On the way down, I happened to read an article in the Ottawa Citizen about the Canadian Air Transport Security Authority (the federal agency running that on-going bad joke known as "airport security"). CATSA is crying poor:
CATSA's increasingly distressed and urgent pleas for more money are renewing questions about whether the Air Travellers' Security Charge, the passenger fee meant to support 100 per cent of the agency's costs, needs to be increased or even eliminated in favour of a new and more consistent funding scheme.
In other words, should airport screening security now paid for by passengers be considered public safety and paid for by all taxpayers?Just say no.
Heading up north yesterday, I discovered yet another wrinkle in this agency's inventive and ever-expanding programme of torture for that miserable class of folk known as "airline passengers." I was way ahead of the game, I thought: I had my laptop conveniently separated from other things being sent through the X-ray machine, just as they like. I removed my hat, my boots, and even my belt (otherwise they ask you if you are wearing one, and make you unbuckle; on one memorable occasion in Dorval, a female CATSA officer shoved her hand down the front of my jeans). I pulled out every coin in my pocket, followed by my keys and my watch and my specs.
I sailed through the little doorway. Not a peep, not a beep.
And then I was called to one side by an officer wearing latex gloves. I kid you not.
Luckily for me CATSA has not yet adopted the practice of short-arm salutes in a public place. The man just wanted to feel me up (he called it "patting me down," but you get the idea). And he proceeded to do so. Why, I asked, did I just go through all that nonsense a few seconds earlier if you people are now doing this sort of thing? "Just security," he said.
I've seen bureaucracies feed on themselves in this way before, developing more and more complex and refined procedures to catch tinier and tinier errors. I was a grants program officer once upon a time; "reviewing officers" checked our work to ensure quality. As we got more and more experienced, we made (of course) fewer and fewer mistakes. So the reviewing officers began to get pickier and pickier. Where once in a very blue moon we wrote to applicants to ask for more information, this slowly became SOP. Our choices of assessors were now routinely challenged. Our draft letters were sent back again and again for style changes. Quality might have been improved by a hair, but I suspect that the final results of the competitions were not affected. A variant of the Durkheim Constant was, however, maintained.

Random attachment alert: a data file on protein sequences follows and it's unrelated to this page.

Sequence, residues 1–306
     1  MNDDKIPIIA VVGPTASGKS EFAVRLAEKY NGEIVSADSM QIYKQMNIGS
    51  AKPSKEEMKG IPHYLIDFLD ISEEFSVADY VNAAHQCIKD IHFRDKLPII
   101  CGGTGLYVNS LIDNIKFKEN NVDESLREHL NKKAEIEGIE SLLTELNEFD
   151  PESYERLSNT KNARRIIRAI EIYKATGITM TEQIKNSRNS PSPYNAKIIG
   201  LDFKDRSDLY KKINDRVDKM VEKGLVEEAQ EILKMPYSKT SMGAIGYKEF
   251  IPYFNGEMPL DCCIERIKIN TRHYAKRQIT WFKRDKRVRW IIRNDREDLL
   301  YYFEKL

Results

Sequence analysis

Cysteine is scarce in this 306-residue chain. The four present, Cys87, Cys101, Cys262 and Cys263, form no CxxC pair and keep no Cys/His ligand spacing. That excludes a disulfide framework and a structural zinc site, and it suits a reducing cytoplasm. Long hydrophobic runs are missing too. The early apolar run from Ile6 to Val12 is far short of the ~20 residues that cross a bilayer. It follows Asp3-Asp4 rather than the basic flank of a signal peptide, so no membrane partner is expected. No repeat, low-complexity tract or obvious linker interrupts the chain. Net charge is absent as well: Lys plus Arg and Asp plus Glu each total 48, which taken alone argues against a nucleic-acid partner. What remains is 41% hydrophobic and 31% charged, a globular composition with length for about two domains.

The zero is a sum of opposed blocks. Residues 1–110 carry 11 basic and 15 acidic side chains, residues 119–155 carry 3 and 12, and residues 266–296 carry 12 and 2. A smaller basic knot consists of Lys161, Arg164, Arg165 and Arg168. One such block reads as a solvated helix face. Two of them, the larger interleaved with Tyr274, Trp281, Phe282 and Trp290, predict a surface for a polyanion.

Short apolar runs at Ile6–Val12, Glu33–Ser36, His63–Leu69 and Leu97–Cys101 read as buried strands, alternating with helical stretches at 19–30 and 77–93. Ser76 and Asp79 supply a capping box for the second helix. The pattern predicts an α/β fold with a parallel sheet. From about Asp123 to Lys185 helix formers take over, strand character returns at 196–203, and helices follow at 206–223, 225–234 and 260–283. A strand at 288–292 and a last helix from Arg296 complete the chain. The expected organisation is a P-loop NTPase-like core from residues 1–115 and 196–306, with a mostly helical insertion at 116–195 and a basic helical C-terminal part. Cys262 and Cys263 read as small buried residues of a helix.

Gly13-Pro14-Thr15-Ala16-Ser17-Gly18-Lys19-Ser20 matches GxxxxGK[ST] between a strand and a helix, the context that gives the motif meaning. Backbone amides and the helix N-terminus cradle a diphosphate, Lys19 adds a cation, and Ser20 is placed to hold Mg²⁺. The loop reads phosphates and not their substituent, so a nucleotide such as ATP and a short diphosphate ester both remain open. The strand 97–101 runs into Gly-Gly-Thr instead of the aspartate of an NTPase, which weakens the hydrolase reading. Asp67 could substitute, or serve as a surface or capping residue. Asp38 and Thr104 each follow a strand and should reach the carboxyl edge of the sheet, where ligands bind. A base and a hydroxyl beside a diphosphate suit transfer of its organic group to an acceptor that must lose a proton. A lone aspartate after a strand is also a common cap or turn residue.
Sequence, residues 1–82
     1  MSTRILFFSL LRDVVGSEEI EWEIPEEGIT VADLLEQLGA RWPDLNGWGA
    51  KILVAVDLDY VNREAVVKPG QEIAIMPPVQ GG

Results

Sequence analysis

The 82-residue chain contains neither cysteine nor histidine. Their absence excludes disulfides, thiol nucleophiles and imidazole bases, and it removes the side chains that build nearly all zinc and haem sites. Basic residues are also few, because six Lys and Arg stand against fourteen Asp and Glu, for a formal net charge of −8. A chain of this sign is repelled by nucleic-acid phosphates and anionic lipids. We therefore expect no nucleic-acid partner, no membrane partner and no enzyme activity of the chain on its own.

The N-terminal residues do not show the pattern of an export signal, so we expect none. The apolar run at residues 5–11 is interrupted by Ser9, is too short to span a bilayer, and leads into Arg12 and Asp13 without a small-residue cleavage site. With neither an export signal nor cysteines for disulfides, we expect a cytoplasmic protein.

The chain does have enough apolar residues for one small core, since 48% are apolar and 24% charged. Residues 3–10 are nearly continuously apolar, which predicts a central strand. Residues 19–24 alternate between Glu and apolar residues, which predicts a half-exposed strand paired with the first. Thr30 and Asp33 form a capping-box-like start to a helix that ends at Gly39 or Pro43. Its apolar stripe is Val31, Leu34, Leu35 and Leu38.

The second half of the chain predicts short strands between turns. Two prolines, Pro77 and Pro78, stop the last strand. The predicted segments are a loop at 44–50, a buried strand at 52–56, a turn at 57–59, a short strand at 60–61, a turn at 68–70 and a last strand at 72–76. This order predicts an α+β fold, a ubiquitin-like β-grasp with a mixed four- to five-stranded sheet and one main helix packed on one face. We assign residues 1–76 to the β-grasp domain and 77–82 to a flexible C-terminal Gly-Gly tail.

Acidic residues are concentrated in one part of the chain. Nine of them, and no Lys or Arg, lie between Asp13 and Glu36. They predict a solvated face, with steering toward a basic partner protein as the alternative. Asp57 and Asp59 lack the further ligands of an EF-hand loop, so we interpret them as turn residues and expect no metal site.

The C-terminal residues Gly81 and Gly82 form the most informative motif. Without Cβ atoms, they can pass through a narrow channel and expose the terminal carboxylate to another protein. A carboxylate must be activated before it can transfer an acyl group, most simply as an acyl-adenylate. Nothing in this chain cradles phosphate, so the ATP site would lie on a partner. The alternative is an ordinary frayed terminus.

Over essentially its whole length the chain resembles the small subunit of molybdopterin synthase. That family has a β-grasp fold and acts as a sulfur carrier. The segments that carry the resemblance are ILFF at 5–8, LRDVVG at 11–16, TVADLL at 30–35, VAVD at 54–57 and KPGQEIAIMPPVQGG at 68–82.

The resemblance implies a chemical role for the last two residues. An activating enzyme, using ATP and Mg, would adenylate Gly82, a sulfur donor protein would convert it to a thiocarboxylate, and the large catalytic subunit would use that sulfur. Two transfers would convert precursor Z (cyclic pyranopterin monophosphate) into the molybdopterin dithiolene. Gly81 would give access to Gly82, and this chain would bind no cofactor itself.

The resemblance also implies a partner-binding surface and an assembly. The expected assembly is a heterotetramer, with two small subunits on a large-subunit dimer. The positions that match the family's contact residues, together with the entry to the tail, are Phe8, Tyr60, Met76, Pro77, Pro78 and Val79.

CATSA is no different. I would hazard a guess that they have not nabbed a would-be hijacker for aeons, but they've made life miserable for countless thousands of passengers, confiscating everything from salad dressing to nailclippers (the latter are apparently now permitted, no one having attempted to use one as a weapon recently), and getting, as noted, up close and personal.
Now they want more money. One shudders to imagine what it might be for.
My suggestion? Stop this thing in its tracks. Make CATSA use its existing budget sensibly. Don't give them another cent, either from passengers forced at the moment to pay for their own humiliation, or, gawdhelpus, the Taxpayer-General. Run your hat through an X-ray machine by all means, show your ID half a dozen times to various functionaries, package your eyedrops in little baggies, trot through a metal-detecting doorway, but let's have the government tell these people to back off at this point. Or the next time you see the man with the latex gloves, he may have more than a pat-down in mind. On your nickel, too.
UPDATE: (October 28) Welcome, CATSA, and I hope you got the message.
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